The rupee (INR) ignored inter-market correlations to the US dollar and global equities to make new lows against major currencies, despite the Reserve Bank’s resolve to stay firm and pause its rate cuts. The price action of the rupee shows that the long-term secular weakness of the INR cannot be solved by the central bank alone, let alone a single monetary policy.
Notice that even though the rupee slid the stock markets have held steady, despite the so-called “disappointing” monetary policy. The INR touched a new low of 57.33 to the US dollar before crawling up to close at 57.06. In the week to 22 June, the INR also touched new lows against other major currencies such as the euro at 71.91, the Japanese yen at 0.7116 and the British pound at 89.45.
The stock market seems to like the fact that the Reserve Bank stood its ground with one loose end. The Nifty (See Nifty chart above ) has held above its 50-day and 200-day simple moving averages. The 50-day average is shown by the blue line and the 200-day one by the black line. A moving average is the average price over a specified period and tends to act as support or resistance.
Since the index is above the average, it’s acting as support. Support areas are where demand for stock exceeds supply, leading to a rally in price. The Nifty can rally all the way to the resistance zones marked by the red horizontal lines on the chart. Resistance zones are areas were the supply of stock exceeds the demand for stocks, leading to a fall in price.
We feel that the stock market is in a holding pattern with the US Federal Reserve not easing money supply further, as some expected, and the hope that the European Central Bank might, given the trouble in that continent.
Meanwhile, rupee is in a terrible spot. Decades of deficit financing and increasing money supply have taken its toll and cannot be fixed in one monetary policy with no supporting fiscal policy. The Reserve Bank, too, did some sneaky easing by way of an increase in the limit of export credit refinance of outstanding bank credit from 15 percent to 50 percent. This can add Rs 30,000 crore to the banking system, which is equivalent to a 50 basis points (0.5 percent) cut in the cash reserve ratio (CRR).
The Reserve Bank’s quiet easing is similar to giving a diabetic sugar-free lunch and then sneaking a cup of shrikhand for desert.
The only thing that determines the price of any asset is demand and supply. The increasing supply of money did contribute to the INR’s latest fall. The Reserve Bank did leave interest rates untouched to send a signal that the value of the rupee is as strong as it was before the policy was announced. But the markets disagreed: “How can you increase the supply of an asset and keep the price of it at the same level?”
So the markets did the rational thing. They reduced the rate of return on the rupee by devaluing it. To put it simply, if an investor held Rs 100 with an interest rate of 10 percent per annum, he would have got Rs 110 at the end of the year. After the Reserve Bank decided to infuse liquidity but maintained the interest rate, and the markets depreciated rupee, he’d perhaps get just Rs 108. Some of you might say this is true only for foreign investors who convert rupees to foreign currencies when repatriating the money. Not so fast. Indian citizens basing their investments in rupees will see their value eroded by inflation.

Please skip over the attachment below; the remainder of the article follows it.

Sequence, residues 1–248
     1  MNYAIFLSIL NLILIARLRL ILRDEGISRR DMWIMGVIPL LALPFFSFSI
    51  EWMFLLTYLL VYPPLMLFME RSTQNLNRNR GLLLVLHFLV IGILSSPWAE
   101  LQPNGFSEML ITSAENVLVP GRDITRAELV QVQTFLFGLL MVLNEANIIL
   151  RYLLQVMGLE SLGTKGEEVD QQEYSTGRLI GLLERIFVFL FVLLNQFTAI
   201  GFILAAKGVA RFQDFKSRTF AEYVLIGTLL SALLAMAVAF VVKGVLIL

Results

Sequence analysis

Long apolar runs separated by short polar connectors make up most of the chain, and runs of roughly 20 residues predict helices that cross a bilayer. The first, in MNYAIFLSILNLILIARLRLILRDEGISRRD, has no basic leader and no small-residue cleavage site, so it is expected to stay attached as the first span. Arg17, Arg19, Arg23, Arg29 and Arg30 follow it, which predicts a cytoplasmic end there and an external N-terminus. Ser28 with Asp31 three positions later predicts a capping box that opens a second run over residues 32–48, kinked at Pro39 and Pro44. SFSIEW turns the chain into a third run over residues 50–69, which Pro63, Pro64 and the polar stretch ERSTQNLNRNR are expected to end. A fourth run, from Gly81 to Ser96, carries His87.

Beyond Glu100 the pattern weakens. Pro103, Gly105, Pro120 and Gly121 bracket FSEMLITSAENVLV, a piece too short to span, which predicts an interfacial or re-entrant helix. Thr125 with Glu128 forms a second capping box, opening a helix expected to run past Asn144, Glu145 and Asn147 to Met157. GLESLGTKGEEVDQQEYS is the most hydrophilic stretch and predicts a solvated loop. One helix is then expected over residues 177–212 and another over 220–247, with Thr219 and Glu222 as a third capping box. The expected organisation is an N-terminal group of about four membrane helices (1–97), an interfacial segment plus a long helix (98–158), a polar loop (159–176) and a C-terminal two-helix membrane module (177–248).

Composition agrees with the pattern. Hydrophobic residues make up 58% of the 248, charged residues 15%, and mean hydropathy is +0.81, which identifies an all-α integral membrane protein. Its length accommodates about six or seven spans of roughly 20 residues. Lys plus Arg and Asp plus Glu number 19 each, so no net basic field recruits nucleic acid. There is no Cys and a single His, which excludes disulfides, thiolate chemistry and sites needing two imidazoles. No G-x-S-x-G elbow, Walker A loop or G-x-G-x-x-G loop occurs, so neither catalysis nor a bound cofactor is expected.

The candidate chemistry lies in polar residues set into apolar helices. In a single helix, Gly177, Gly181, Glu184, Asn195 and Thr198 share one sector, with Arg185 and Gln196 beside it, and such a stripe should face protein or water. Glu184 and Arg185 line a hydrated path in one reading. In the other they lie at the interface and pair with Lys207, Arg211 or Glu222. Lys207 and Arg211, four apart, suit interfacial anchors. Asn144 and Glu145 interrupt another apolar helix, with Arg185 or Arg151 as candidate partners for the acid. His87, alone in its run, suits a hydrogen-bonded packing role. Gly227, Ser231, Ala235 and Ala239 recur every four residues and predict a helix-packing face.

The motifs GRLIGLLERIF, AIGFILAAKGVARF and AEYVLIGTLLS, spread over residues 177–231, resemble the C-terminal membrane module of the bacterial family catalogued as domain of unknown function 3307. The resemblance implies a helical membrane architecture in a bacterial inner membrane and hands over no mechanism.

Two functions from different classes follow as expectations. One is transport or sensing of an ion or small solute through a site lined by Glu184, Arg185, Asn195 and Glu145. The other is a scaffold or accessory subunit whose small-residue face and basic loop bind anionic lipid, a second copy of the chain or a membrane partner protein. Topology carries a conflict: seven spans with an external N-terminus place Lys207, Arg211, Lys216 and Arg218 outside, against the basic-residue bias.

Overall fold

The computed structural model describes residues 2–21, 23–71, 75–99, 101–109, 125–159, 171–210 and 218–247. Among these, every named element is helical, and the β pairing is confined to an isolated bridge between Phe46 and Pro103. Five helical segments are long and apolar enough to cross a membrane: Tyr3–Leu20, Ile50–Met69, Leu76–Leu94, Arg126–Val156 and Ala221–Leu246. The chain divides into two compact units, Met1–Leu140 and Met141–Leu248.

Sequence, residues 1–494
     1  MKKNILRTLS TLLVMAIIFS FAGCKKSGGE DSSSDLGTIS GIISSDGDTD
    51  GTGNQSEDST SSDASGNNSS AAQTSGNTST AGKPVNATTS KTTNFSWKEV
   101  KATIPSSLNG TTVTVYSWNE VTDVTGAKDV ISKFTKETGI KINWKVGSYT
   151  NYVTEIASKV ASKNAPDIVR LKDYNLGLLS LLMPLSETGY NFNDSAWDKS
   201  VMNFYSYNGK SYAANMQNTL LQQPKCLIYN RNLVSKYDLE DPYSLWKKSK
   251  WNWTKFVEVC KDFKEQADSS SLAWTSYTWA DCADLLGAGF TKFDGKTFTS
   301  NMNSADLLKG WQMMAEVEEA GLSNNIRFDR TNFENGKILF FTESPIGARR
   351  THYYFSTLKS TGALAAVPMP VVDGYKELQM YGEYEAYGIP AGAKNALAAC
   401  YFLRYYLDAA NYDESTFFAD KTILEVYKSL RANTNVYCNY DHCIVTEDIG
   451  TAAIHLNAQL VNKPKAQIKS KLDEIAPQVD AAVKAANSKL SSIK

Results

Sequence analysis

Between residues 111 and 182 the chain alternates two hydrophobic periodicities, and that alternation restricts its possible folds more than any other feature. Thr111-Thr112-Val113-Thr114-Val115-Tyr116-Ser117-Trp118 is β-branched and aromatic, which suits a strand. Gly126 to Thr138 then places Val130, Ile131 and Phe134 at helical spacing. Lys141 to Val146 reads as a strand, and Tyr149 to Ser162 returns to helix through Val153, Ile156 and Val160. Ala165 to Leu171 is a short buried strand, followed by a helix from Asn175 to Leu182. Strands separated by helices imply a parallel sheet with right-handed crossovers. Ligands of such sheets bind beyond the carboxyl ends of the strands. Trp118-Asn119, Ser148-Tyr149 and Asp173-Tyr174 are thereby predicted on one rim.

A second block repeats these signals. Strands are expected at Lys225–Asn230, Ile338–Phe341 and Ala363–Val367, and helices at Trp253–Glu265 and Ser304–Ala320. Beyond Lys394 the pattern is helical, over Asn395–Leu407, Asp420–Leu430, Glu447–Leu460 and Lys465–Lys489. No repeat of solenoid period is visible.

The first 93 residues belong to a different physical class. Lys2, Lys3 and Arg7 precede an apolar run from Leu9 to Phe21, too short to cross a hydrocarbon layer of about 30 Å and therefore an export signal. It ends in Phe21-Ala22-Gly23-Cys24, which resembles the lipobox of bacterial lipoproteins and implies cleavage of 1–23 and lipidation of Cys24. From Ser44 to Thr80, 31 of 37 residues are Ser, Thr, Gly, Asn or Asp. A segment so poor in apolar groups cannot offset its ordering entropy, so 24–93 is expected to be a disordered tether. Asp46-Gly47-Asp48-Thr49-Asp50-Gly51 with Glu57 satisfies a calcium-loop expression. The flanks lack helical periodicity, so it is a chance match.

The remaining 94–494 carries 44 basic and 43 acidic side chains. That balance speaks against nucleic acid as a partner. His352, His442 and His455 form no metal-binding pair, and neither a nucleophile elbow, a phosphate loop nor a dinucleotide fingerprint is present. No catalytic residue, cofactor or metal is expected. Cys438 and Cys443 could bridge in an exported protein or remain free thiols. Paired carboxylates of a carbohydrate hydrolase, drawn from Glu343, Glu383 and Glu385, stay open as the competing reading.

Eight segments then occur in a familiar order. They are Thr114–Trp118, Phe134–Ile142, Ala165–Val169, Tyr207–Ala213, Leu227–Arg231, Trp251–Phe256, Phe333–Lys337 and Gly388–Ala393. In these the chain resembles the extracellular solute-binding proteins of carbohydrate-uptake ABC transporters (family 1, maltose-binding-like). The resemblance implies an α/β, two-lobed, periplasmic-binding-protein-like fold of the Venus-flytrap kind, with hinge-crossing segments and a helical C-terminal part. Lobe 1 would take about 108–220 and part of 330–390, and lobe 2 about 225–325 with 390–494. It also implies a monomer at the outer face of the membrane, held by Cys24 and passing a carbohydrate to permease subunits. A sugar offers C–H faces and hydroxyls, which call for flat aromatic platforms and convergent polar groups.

The fall of the INR looks really terrible when compared to other assets. Let’s compare the it to the Dollar index (See dollar index below) which measures the greenback against six major currencies.
The index began falling from 1 June to 19 June, so ideally a weakening dollar should have led to a rally in the rupee. The rupee only rallied for a week till 7 June and once it touched 55 against the dollar the depreciation began. The inverse correlation between the US dollar and the INR failed to work, which indicated an extreme weakness in the Indian currency.
The rupee and global equities are both considered risk trades. On 4 June, the S&P 500 (see S&P 500 chart below ) began to rally to peak last Thursday.
However, the Indian rupee continued its drop. To make matters worse, the INR has now made new lows against other major currencies such as the British pound, yen and euro. On Thursday, the euro had a major drop against the dollar, but appreciated against the rupee to new highs. This shows a terrible decimation of the Indian currency.
We all know the reasons for this latest new low for the rupee – deficit financing and terrible policy muddles. The multi-year deficit by the Indian government and the willing deficit financing by its partner in crime, the Reserve Bank of India, has increased money supply to such high levels that the falling rupee is no surprise. There is no quick solution to this problem created over several decades. India has to embark on the path of smaller government, a larger private sector and sound money to get over the problem.
Meanwhile, in the short term, keep an eye on the Dollar index. It seems to be on it’s way up to 83.56, which will put more downward pressure on the rupee, unless the RBI intervenes. The 83.56 level is an area of resistance, where the supply of dollars exceeds demand, which has led the greenback to fall a few times. If that level is broken the dollar can rally strongly much higher. Rupee bulls should pray that the level holds.
George Albert is Editor, www.capturetrends.com